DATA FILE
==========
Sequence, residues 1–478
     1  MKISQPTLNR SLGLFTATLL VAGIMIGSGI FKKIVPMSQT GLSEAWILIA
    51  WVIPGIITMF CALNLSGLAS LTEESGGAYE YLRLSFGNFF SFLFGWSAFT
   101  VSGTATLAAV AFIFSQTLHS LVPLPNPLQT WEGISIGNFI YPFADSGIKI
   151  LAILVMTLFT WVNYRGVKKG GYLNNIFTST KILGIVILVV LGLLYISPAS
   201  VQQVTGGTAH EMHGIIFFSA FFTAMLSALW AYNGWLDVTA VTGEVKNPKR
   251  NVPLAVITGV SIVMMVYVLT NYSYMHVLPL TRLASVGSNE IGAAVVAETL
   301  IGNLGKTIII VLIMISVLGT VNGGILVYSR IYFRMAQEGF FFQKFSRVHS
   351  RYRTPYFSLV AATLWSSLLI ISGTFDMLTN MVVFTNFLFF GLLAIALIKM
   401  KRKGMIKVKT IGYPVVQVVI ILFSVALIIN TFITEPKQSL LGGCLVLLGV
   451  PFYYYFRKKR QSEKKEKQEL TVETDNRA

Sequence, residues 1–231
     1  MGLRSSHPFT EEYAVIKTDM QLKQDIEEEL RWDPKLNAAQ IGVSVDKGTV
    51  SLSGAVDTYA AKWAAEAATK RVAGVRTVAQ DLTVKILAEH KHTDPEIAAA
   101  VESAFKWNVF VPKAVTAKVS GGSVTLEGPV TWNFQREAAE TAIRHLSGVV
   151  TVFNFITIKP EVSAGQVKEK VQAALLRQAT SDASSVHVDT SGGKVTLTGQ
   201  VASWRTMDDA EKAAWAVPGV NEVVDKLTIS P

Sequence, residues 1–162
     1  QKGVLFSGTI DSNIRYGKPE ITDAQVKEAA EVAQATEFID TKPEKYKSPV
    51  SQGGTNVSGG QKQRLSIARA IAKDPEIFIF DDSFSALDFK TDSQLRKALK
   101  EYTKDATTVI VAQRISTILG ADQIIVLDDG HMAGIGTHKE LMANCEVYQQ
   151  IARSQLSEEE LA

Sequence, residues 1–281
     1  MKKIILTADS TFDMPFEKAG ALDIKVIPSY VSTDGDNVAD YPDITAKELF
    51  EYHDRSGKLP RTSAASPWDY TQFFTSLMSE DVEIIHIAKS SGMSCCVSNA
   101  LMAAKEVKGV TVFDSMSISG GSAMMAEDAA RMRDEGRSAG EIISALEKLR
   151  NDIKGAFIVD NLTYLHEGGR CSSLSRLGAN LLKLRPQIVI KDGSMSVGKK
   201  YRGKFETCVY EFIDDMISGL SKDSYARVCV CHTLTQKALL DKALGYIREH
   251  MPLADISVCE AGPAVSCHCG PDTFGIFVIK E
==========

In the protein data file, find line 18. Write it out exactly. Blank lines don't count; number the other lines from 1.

Sequence, residues 1–162